[3] In the Cratylus, egged on by Hermogenes, Socrates indulges in ludicrous etymological speculations, e.g., “The word αγαθον (good), for example, is, as we were saying, a compound of αγαστος (admirable) and θοος (swift),” 422a. Perhaps we should attempt a rapprochement here with Moses’ partial view of God’s rear-end in Exodus (33: 18-23), which suggests that any full-frontal apprehension of the “Good beyond Being,” would result in a blinding annihilation. In other words, to be human is to get only the arse-end of things, and you have to move pretty quickly even to get that. Note the behaviour of the Red Queen in Lewis Carroll’s Through the Looking Glass, who realises that one must run faster and faster just to stay in the same place. Finally, I remember the great words of Paul Keating, Prime Minister of Australia, about his own country: “The arse-end of the world.”

[4] “But something other dearer still than life
The darkness hides and mist encompasses:
We are proved luckless lovers of this thing
That glitters in the underworld: no man
Can tell us of the stuff of it, expounding
What is, and what is not: we know nothing of it.”— Euripides, Hippolytus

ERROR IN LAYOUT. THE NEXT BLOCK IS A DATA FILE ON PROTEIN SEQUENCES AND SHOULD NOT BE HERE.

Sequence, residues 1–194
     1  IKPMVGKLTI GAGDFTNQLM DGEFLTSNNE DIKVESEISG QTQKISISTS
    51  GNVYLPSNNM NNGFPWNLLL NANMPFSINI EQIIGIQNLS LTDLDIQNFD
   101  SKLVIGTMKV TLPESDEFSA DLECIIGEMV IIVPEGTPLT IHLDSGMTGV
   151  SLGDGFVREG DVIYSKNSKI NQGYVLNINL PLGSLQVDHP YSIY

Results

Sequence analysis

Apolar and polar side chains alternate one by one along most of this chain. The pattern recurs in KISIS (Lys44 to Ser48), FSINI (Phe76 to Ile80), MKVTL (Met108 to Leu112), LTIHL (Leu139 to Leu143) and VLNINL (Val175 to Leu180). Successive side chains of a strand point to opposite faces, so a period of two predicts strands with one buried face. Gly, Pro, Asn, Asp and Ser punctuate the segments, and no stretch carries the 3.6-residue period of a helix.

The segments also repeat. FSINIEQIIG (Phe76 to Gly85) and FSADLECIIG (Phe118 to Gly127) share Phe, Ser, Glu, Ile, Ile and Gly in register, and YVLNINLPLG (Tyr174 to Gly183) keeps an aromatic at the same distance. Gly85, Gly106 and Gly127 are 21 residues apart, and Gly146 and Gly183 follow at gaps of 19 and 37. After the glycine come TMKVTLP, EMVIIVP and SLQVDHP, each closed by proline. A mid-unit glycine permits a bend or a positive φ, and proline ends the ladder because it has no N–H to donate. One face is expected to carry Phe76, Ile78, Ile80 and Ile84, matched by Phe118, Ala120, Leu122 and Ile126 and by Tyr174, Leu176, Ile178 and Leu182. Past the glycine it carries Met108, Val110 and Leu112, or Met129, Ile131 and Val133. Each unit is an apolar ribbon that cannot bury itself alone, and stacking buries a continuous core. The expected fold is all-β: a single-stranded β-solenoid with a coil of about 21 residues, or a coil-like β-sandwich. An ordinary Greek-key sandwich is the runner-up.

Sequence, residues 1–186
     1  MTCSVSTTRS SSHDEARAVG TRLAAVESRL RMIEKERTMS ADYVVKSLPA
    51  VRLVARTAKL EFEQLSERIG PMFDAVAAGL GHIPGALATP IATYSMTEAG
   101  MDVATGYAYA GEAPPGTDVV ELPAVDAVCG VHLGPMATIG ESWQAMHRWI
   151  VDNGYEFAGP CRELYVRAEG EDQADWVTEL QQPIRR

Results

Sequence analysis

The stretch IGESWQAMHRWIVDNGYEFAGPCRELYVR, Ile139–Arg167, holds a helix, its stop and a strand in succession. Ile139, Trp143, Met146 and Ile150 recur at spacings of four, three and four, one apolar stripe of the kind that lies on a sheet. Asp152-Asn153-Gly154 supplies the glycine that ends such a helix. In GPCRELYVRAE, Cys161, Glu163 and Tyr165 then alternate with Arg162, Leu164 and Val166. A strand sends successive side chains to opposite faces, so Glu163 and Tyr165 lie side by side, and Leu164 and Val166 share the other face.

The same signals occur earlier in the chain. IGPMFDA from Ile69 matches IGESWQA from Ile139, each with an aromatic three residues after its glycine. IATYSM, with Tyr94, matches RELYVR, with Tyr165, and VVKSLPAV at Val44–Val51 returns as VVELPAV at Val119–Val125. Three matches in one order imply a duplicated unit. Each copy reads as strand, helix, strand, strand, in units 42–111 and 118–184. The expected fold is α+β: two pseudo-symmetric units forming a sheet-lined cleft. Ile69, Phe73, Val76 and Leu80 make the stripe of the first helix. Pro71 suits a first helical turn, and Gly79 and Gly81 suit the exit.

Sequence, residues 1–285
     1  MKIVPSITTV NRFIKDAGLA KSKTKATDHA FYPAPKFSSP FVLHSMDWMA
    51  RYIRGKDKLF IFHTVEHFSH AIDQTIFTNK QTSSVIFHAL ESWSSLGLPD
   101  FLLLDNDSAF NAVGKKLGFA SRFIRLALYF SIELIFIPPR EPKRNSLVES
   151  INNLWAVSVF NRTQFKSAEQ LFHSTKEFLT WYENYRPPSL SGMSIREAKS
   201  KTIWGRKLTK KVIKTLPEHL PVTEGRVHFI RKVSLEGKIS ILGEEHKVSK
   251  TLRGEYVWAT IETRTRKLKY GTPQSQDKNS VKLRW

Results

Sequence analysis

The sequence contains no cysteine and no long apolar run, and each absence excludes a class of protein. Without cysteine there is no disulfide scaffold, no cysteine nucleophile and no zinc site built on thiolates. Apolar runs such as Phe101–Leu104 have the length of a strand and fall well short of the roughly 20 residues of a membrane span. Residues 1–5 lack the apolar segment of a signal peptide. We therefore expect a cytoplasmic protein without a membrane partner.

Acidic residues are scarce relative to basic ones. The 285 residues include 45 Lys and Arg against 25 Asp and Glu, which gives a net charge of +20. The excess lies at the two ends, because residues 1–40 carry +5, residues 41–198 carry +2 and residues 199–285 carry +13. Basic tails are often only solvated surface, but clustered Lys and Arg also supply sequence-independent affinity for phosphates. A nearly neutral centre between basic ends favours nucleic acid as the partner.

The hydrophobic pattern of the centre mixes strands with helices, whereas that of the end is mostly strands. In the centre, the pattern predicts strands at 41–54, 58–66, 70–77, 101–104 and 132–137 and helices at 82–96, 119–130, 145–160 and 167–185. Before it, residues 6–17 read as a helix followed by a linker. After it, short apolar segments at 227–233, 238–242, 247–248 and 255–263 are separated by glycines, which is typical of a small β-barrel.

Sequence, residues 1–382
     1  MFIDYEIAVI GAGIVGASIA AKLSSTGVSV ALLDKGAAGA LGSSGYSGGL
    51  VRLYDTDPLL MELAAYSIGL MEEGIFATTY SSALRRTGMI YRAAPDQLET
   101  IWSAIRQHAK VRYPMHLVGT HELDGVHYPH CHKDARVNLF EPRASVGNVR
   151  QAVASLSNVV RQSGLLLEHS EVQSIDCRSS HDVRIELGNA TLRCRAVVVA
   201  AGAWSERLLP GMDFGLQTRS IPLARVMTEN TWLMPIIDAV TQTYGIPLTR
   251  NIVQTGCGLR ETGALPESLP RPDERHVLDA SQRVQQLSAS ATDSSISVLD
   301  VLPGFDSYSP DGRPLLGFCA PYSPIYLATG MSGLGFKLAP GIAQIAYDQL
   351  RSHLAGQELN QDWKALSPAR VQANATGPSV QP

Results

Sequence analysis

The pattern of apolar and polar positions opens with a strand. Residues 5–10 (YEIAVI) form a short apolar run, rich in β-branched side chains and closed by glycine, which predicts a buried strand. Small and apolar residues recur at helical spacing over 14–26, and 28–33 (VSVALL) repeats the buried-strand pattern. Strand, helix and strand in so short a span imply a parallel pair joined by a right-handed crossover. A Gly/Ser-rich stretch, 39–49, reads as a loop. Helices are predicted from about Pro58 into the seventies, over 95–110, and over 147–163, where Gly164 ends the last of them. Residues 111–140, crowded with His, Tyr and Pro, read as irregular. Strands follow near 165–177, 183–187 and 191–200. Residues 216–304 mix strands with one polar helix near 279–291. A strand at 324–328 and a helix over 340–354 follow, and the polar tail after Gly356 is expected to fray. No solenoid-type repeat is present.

[5] Given the traditionally close bonds between spinning women and political constitutions (for example, Odysseus’s faithful Penelope unpicking every night the tapestry she weaves during the day to as to evade marrying one of her many suitors), one should remember that ancient Rome began in slaughter and rape: “Among those who committed this rape upon the virgins, there were, they say, as it so then happened, some of the meaner sort of men, who were carrying off a damsel, excelling all in beauty and comeliness and stature, whom when some of superior rank that met them, attempted to take away, they cried out they were carrying her to Talasius, a young man, indeed, but brave and worthy; hearing that, they commended and applauded them loudly, and also some, turning back, accompanied them with good-will and pleasure, shouting out the name of Talasius. Hence the Romans to this very time, at their weddings, sing Talasius for their nuptial word, as the Greeks do Hymenaeus, because they say Talasius was very happy in his marriage. But Sextius Sylla the Carthaginian, a man wanting neither learning nor ingenuity, told me Romulus gave this word as a sign when to begin the onset; everybody, therefore, who made prize of a maiden, cried out, Talasius; and for that reason the custom continues so now at marriages. But most are of opinion (of whom Juba particularly is one) that this word was used to new-married women by way of incitement to good housewifery and talasia (spinning), as we say in Greek, Greek words at that time not being as yet overpowered by Italian. But if this be the case, and if the Romans did at the time use the word talasia as we do, a man might fancy a more probable reason of the custom. For when the Sabines, after the war against the Romans were reconciled, conditions were made concerning their women, that they should be obliged to do no other servile offices to their husbands but what concerned spinning; it was customary, therefore, ever after, at weddings, for those that gave the bride or escorted her or otherwise were present, sportingly to say Talasius, intimating that she was henceforth to serve in spinning and no more. It continues also a custom at this very day for the bride not of herself to pass her husband’s threshold, but to be lifted over, in memory that the Sabine virgins were carried in by violence, and did not go in of their own will. Some say, too, the custom of parting the bride’s hair with the head of a spear was in token their marriages began at first by war and acts of hostility.” — Plutarch, Romulus (in John Dryden’s translation)